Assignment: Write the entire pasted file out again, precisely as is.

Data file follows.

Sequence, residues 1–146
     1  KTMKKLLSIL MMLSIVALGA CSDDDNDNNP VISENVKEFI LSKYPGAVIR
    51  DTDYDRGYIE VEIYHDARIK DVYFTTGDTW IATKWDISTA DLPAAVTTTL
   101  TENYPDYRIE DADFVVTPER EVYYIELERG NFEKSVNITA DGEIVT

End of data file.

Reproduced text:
Sequence, residues 1–146
     1  KTMKKLLSIL MMLSIVALGA CSDDDNDNNP VISENVKEFI LSKYPGAVIR
    51  DTDYDRGYIE VEIYHDARIK DVYFTTGDTW IATKWDISTA DLPAAVTTTL
   101  TENYPDYRIE DADFVVTPER EVYYIELERG NFEKSVNITA DGEIVT